Breeding & keeping info

DIPLOGLOSSUS MONOTROPIS at BION Terrarium Center

The keeping & breeding of Costa Rican rainbow stripe galliwasp ( DIPLOGLOSSUS MONOTROPIS ) at BION Terrarium Center

by Dmitri Tkachev & Ivan Neihzko

 

Diploglossus is a genus of New World diploglossid  lizards, with 19 described species, commonly known as galliwasps. They are diurnal and terrestrial  lizards .

Distribution: Nicaragua, Costa Rica, Panama, Colombia, Ecuador 

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 Diploglossus monotropis(KUHL, 1820)occurs in regions of rain forest and monsoon rain forest. This species is not common & hard to find in nature because of their life style. 

Source: On January 2016, the breeding group of Diploglossus monotropis in BION includes 3 adult males and 4 females. This group was imported from Panama in December 2013.

Keeping conditions:

Cage: we use glass terrariums  70x50x50 cm for keeping one adult animal or pair. As the matter of fact we keep them separately due to very aggressive character and   keep pairs together only in breeding season.

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Substrate: dried leaves, fine bark, sphagnum moss, coconut copra or chips in one mixture.  The substrate level should be not less than 10-12 cm  for comfortable digging & security of these lizards. According to our observations, they are active only at early morning and at the dusk. 

 

Equipment: large water bowl is provided because these lizards like to stay in water. Few shelters inside the enclosure are provided. We are using the pieces of bark and bamboo tubes. In breeding season we use moist chamber (box with damp moss)  for female’s cages.

Illumination: full spectrum lamps are provided.  8 hours of artificial light   from August till April and up to 14 hours of  light   from April till August.

Temperature and heating: we don’t use the additional heating and keep the day temperature at  26-28ºC &  22-24ºC at night.

Humidity: we keep 50-60% at the enclosure and 70-80 % of the soil. We provide intensive spraying of the substrate on a regular base.

Diet: feeding 2-3 times per week. We usually propose  crickets and locusts by 5-6 feeding objects for each adult animal. Also  1 pink mouse (one week old) per each animal 1-2 times per month.  

During the molting (10-14 days) lizards do not eat at all.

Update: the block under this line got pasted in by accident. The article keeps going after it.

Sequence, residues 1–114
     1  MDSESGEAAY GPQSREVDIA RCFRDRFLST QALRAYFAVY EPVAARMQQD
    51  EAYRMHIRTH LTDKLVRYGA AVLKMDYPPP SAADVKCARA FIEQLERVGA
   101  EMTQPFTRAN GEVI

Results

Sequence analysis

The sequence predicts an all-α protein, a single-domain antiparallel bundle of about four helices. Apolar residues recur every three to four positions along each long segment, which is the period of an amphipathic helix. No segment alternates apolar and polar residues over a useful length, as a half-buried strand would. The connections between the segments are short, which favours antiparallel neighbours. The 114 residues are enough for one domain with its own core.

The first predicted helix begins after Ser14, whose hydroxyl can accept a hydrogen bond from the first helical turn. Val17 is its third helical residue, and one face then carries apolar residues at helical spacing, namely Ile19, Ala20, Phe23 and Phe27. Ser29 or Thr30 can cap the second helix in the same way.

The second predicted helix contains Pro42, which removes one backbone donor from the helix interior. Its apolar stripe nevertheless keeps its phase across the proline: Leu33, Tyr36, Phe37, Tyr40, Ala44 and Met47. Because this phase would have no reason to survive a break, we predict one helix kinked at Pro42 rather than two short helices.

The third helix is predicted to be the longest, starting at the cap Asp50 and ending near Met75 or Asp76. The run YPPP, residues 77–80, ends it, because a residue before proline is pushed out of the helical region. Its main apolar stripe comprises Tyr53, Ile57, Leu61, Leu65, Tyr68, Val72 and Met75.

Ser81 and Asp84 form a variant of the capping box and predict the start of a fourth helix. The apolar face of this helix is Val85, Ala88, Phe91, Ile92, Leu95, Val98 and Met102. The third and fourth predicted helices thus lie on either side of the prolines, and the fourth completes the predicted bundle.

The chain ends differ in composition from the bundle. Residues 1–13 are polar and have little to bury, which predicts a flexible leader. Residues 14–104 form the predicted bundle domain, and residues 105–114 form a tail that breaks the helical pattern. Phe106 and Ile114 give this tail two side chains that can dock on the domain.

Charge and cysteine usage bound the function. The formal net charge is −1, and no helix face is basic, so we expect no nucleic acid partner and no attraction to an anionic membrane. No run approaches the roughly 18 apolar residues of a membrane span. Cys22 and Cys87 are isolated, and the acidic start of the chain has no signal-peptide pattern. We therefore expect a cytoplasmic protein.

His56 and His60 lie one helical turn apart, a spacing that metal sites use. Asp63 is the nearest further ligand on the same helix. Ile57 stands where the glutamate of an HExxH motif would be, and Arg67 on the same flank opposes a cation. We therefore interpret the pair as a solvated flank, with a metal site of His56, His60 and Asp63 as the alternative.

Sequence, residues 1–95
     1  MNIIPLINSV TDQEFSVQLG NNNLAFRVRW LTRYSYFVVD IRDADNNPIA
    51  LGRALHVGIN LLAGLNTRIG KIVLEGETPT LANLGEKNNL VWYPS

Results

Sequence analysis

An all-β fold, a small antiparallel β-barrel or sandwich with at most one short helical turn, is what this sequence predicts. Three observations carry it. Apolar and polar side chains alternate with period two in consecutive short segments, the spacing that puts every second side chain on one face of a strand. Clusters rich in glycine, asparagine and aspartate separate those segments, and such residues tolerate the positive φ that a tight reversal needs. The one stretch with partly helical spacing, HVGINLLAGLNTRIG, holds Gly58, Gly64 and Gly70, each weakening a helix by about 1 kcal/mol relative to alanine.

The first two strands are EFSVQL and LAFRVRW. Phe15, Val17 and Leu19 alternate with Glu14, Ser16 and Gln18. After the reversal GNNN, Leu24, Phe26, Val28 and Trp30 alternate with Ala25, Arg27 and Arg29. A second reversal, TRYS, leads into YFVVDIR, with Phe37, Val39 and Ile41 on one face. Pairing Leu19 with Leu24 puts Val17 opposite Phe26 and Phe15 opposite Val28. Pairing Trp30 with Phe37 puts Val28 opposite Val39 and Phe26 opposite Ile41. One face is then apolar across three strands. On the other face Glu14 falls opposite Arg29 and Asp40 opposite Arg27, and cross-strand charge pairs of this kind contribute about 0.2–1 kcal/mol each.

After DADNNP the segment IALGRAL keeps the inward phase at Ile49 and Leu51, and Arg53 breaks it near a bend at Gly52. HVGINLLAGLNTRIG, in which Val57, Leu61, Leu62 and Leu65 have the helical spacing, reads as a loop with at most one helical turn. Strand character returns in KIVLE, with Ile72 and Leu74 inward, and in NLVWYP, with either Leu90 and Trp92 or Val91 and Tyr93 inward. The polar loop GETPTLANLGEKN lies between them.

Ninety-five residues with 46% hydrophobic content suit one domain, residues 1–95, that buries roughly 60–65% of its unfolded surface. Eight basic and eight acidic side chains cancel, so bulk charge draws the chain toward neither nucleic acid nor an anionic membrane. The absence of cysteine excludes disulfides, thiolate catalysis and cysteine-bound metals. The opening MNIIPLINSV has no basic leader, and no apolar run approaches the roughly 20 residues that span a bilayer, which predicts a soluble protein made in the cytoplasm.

Mineral supplements: we use Calcium with D3 and vitamins powder every second feeding (with insects).

Breeding:

Animals become sexually mature presumably at the age of 2-4 years old.

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2014 year:

No hibernation at all. On 15.04.2014 we put 3 pairs together . The courtship began almost immediately; the mating lasted over 4.5 hours. The male keeps the female behind the head ( several copulations in each case took place). On 27.05.2014 we received the clutch of 5 unfertile eggs from one female. She laid clutch under the water bowl. Pregnancy duration was 42 days.

2015 year:

Hibernation started on 10.11.2014 from the gradual reduction of temperature and day length. Food was offered. From 20.11.2014 illumination was switched off. Food wasn’t offered from this date. Temperature  was 26ºC, humidity - 70-80 %.

19.02.2015 females were put together with males. Day length -  12 hours.

10.03.2015 – matingof group #3.

25.04.2015 – mating of group #1. The male keeps the female behind the head during long time (5-8 hours). Copulations last for 20-30 minutes. Between copulations (1-1.5 hours) the male don’t release the head of the female. 3-5 copulations happened in such way. 

We didn’t observe the mating of groups #2 and #4.

26.05.2015 – we received clutch (4 unfertile eggs) from female #2. She laid under piece of bark in the soil (sphagnum moss & coconut copra).

20.06.2015 – we received clutch (4 unfertile eggs) from female #4.

26.06.2015 – we received clutch (3 unfertile eggs) from female #3.

17.07.2015 – we received clutch (3 unfertile eggs) from female #1.

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Breeding statistics:

2014 – we received 1 clutch from 1 female  (5 unfertile eggs)

2015 – we received 4 clutches from 4 females (14 unfertile eggs all together)

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Conclusion: For the moment we are informed about only one positive result of D.monotropis  breeding at the zoo in U.S.A and one in outdoors enclosure in Costa Rica. All information concerning captive breeding of these species is appreciated.

Veterinary:

Rickets (deformation and softening of bones) could be a problem in case of wrong care. To prevent - the exposure of UV should be increased (“hard” UV over than 280nm during 2 minutes every other day until improvement). Also dose of calcium should be increased (calcium gluconate in liquid should be offered orally by 2-3 drops from 2 ml syringe every other day until the situation improves.

Useful sources:

http://reptile-database.reptarium.cz/species?genus=Diploglossus&species=monotropis

https://www.durrell.org/library/document/galliwasp_sap.pdf

https://www.youtube.com/watch?v=um1Guar6GUs

https://www.researchgate.net/publication/280690783_New_records_of_Diploglossus_monotropis_Kuhl_1820_Squamata_Anguidae_from_Uraba_and_Magdalena_River_Valley_Colombia_with_an_updated_geographic_distribution_map